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Thread: Jeeps 70th anniversary-OHV park in Toledo??

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    Senior Member HillBillE's Avatar
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    Default Jeeps 70th anniversary-OHV park in Toledo??



    As long as the people remain armed,
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    do so out of duty, honor, oath and love of country.


    "Certified Jeep Junky!"


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    Back to 1 Jeep... for now rroadkilll's Avatar
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    Too bad I'll be so far away!!!

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    Senior Member HillBillE's Avatar
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    Quote Originally Posted by rroadkilll View Post
    Too bad I'll be so far away!!!

    Same here. It sounds like a 'One Time' deal. It would be cool if they just opened up a park right there

    They're all worried about where the money will come from to build 'Stadium Seating' and have 'food catering'

    Who needs seating? Don't they know, real Jeepers would rather be sitting In thier Jeeps!

    And as far as food? Hell, pack a luch Or let out some permits for a few good food vendors, who needs catering?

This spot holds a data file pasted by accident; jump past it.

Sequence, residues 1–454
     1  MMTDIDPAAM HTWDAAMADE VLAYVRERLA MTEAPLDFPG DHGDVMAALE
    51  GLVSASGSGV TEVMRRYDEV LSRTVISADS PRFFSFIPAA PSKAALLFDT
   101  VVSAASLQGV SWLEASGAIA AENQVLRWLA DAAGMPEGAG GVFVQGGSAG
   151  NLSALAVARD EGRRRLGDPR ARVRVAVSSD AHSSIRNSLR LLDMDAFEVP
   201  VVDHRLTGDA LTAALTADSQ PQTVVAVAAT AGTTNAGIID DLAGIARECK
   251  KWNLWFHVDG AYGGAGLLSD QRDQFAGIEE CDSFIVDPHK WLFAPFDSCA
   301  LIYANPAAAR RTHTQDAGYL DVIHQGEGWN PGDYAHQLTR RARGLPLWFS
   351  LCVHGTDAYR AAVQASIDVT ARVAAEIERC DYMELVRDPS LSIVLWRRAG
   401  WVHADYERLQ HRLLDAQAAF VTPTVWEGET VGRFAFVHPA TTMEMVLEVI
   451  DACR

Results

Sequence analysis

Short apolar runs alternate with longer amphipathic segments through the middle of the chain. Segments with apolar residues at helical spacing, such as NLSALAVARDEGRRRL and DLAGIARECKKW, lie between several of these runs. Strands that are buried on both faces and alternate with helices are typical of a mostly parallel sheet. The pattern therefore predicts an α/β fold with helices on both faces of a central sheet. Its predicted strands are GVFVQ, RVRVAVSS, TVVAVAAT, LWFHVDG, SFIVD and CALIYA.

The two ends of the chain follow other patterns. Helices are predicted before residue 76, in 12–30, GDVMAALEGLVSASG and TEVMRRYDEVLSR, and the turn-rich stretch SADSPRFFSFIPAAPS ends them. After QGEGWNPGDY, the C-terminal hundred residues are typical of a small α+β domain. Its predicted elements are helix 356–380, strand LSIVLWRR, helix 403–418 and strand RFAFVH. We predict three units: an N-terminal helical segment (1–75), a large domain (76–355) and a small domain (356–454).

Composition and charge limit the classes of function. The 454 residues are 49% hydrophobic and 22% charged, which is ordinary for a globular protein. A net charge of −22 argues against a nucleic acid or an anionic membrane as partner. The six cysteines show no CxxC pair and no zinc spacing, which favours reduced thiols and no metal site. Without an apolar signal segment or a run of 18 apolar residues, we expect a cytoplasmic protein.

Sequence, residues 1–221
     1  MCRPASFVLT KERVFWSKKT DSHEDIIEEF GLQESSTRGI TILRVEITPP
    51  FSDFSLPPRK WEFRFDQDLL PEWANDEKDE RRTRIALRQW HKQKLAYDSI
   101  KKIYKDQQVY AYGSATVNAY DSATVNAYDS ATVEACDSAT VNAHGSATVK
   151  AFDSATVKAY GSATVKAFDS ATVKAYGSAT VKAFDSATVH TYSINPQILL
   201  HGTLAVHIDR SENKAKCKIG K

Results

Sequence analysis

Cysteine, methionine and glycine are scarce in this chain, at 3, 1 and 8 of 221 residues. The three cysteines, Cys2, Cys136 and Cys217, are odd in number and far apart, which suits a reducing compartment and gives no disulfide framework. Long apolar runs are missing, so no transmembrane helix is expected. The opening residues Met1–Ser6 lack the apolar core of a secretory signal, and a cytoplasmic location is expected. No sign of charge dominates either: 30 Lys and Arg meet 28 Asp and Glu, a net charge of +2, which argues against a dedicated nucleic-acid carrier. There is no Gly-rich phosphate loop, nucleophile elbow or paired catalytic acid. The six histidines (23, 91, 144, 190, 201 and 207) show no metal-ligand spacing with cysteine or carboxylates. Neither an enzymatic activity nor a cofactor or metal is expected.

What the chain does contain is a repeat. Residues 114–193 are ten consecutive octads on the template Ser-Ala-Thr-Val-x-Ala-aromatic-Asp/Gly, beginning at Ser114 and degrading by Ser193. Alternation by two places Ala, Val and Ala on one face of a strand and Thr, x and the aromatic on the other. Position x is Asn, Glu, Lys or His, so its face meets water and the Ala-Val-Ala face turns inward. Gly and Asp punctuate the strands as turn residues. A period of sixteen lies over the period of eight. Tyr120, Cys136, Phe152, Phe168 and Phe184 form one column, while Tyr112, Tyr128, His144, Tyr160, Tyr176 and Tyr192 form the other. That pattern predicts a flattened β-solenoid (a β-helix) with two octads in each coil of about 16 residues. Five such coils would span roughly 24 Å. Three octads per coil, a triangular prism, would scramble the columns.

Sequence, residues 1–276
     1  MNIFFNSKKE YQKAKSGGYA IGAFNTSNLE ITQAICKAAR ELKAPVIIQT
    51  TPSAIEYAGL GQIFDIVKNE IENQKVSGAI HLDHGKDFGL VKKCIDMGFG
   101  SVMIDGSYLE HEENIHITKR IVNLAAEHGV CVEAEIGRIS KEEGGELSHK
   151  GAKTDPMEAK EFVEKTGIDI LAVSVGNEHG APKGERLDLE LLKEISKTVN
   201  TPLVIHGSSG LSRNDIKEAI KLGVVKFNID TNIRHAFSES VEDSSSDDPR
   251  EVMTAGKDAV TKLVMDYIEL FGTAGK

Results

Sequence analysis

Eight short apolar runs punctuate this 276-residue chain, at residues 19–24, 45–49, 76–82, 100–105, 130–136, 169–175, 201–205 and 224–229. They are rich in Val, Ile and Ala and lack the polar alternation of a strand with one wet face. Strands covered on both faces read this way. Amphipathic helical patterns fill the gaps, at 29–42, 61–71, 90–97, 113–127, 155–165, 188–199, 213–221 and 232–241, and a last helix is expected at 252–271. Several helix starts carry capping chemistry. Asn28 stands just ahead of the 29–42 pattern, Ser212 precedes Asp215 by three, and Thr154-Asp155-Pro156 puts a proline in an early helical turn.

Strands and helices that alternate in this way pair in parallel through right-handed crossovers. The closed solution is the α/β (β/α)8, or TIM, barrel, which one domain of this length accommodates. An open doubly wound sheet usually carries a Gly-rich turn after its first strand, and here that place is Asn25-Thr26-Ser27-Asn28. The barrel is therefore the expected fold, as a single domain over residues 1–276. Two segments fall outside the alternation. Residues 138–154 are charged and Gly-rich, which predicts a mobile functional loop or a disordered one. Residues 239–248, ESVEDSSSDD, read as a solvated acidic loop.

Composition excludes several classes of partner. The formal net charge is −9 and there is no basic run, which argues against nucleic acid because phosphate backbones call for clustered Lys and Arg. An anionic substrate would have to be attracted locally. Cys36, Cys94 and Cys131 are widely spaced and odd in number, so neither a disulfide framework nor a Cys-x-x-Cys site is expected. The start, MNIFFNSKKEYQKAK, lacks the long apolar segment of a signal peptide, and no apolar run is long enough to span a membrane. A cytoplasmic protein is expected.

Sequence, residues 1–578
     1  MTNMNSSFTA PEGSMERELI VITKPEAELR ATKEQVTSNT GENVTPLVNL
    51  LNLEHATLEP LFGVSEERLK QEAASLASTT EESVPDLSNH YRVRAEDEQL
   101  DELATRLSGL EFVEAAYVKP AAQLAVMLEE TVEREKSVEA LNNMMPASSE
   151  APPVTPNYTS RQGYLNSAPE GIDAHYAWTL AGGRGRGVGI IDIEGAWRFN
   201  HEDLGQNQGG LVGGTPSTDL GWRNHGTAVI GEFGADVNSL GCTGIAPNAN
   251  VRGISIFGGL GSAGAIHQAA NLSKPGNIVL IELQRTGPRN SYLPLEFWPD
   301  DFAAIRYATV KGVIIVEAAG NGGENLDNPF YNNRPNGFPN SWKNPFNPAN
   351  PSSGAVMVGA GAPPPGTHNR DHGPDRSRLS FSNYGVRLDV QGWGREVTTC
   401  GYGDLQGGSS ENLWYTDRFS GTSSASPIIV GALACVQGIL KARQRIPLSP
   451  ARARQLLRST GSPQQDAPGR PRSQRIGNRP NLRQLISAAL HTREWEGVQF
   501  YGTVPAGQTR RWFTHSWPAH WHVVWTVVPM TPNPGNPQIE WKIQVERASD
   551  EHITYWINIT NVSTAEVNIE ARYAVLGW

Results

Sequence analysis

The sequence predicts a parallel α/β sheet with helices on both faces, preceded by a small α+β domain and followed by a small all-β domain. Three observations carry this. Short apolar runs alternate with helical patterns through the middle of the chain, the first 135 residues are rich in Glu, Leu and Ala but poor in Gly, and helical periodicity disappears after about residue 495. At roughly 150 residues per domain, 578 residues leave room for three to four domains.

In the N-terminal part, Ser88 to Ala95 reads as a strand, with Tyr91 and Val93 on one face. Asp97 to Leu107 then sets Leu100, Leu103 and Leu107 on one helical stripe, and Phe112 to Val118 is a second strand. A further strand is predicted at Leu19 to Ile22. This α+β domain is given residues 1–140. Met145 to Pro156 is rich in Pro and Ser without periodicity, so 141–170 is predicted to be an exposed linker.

I think they have a great idea, they are just going about it wrong, in my opinion

    Build some cool obstacles and a few trails, have a display area for the new Wranglers, and an area for some nice restored Jeeps from all the different eras.

    The money brought into town through the Hotels, Campgrounds and Restaurants/Bars would be a big kick to the towns economy.


    As long as the people remain armed,
    government knows that it cannot rule over the people by force.
    Those who stand in defiance of unconstitutional laws
    do so out of duty, honor, oath and love of country.


    "Certified Jeep Junky!"


  4. #4
    35's or go home
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    Kickass!! I was just in Maumee this past weekend. Only about 3.5 hours for me.

  5. #5
    Junior Member brownrc's Avatar
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    Cool I'm about 2 hours away.
    98 XJ trail rig, 04 WJ street Jeep,
    54 Willys truck.
    http://imageevent.com/brownrc/familyjeeping
    http://www.dav.org/

  6. #6
    On your SIX! highlandercj-7's Avatar
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    It sounds like a cool idea. But the writer needs to get his shyt straight.

    "But while Jeeps may have started rolling off the assembly line of Toledo's former Willys plant in 1941, the first Jeep that ultimately became the Wrangler was born there in 1940."

    The Jeep was born in Butler, PA!
    http://oldcarandtruckpictures.com/Je...sandJeeps.html